Introduction to integrative biophysics
Kluwer Academic Publishers have just released the book "Integrative Biophysics - Biophotonics", edited by Fritz-Albert Popp and Lev Beloussov, which is based on the Summer school lectures held by the members of the International Institute of Biophysics, Neuss, Germany, in September 2001. The contributions provide the most essential background and applications of biophotonics, a rapidly growing field of current scientific research and applications, based on the discovery of biophotons, a weak photon current emanating from all living systems. Biophotonics provides a powerful tool for the non-invasive investigation of living systems and its findings create the basis for a "integrative biophysics" concerned with the questions of regulation, communication and organization of biological systems.
Marco Bischof has contributed a 115-page "Introduction to integrative biophysics" providing the historical and theoretical background for this new transdisciplinary field of biological science and delineating its foundations and its diverse aspects.
Kluwer catalog entry for the book
VERNADSKY’S NOOSPHERE AND SLAVOPHILE SOBORNOST’
Some early concepts of field phenomena in social life.
This new work has just been published in the book "Biophotonics and Coherent Systems in Biology" by Springer, New York.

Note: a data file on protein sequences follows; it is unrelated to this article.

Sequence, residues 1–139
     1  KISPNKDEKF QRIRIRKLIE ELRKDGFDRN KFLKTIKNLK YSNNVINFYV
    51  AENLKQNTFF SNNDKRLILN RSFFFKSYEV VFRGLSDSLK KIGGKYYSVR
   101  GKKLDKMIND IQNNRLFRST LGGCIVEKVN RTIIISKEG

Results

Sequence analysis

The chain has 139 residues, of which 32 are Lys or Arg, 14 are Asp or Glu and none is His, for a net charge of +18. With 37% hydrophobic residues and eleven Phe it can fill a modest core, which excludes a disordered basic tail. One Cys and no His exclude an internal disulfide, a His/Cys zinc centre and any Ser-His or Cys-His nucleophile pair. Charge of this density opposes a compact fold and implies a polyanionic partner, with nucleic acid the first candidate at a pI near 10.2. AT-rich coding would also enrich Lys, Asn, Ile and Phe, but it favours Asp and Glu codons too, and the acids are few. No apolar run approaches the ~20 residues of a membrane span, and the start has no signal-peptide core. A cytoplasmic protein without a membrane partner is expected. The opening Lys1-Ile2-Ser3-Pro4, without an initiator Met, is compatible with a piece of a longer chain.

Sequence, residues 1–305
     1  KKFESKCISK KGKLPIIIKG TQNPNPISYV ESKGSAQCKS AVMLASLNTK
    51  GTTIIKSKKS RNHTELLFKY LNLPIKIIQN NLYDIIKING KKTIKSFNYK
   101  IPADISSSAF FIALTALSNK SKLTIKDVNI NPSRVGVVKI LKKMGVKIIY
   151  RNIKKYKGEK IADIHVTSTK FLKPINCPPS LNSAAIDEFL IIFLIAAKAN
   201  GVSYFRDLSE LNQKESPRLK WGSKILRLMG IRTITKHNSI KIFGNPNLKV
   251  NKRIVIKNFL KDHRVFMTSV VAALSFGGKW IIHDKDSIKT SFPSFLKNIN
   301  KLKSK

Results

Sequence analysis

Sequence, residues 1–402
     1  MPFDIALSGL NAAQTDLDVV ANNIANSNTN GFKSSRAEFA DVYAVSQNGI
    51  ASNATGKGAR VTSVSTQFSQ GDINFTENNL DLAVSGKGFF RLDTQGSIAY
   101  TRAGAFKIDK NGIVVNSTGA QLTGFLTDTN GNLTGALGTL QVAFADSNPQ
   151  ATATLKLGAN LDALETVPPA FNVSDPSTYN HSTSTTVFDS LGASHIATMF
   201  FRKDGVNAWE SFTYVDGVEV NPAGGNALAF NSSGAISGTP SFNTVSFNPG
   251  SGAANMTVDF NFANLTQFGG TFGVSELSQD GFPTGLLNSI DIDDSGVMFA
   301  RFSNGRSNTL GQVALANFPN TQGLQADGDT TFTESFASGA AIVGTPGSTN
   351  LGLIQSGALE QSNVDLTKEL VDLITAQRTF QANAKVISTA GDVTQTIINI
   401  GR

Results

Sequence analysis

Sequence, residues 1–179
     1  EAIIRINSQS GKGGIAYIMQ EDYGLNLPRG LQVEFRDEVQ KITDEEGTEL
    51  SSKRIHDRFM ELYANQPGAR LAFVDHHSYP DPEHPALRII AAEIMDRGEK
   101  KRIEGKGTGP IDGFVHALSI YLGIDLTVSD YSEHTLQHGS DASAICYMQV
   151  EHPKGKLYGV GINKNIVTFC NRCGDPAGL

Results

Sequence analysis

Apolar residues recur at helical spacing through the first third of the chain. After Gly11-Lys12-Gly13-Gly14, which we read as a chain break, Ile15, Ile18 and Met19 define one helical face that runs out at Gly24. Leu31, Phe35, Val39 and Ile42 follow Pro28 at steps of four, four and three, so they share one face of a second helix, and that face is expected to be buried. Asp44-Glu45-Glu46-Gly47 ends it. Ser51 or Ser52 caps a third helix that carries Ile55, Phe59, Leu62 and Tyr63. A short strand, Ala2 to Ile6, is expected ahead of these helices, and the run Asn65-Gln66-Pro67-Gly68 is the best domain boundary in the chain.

Abstract: Vladimir I.Vernadsky (1863-1945) certainly is one of the exemplary pioneers of an interdisciplinary and holistic biophysics. The concept of the “noosphere”, one of the less conventional elements of his work, may also turn out to be valuable for the further development of this novel biophysical perspective. The noosphere concepts of Vernadsky and Pierre Teilhard de Chardin (1881-1955), although developed by both scientists from common discussions in Paris, where Teilhard and his friend Le Roy attended Vernadsky’s lectures at the Sorbonne from 1920 to 1924, usually are considered to be fundamentally different. However, upon a closer look at the facts of Vernadsky’s life and personality the differences appear less fundamental, especially if we do not restrict ourselves to Vernadsky’s published statements. Particularly, the notion of a field of collective consciousness, an important element of Teilhard’s view of the noosphere, may also have been part of Vernadsky’s concept of the noosphere. We therefore suggest that Vernadsky’s published statements on the noosphere are a carefully controlled and greatly reduced expression of Vernadsky’s real view of the noosphere, and that Vernadsky’s ideas may also have been influenced by the Slavophile concept of sobornost’. By discussing the history and relationship of these concepts I hope to further elucidate the concept of integral science and to show the possible significance of these philosophical concepts for a biophysical understanding of the field aspects of social life.
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